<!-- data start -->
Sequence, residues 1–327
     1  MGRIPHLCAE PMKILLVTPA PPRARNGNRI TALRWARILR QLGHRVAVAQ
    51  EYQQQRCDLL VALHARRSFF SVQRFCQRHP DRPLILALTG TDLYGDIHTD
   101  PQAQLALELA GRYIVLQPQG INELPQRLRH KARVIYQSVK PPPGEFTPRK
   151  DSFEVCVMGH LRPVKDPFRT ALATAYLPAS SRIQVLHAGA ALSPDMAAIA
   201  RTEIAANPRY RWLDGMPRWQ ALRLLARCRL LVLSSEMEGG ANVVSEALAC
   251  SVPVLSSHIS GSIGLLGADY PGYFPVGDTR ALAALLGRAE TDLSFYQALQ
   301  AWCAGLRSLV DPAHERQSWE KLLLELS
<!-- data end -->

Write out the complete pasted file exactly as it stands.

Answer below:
Sequence, residues 1–327
     1  MGRIPHLCAE PMKILLVTPA PPRARNGNRI TALRWARILR QLGHRVAVAQ
    51  EYQQQRCDLL VALHARRSFF SVQRFCQRHP DRPLILALTG TDLYGDIHTD
   101  PQAQLALELA GRYIVLQPQG INELPQRLRH KARVIYQSVK PPPGEFTPRK
   151  DSFEVCVMGH LRPVKDPFRT ALATAYLPAS SRIQVLHAGA ALSPDMAAIA
   201  RTEIAANPRY RWLDGMPRWQ ALRLLARCRL LVLSSEMEGG ANVVSEALAC
   251  SVPVLSSHIS GSIGLLGADY PGYFPVGDTR ALAALLGRAE TDLSFYQALQ
   301  AWCAGLRSLV DPAHERQSWE KLLLELS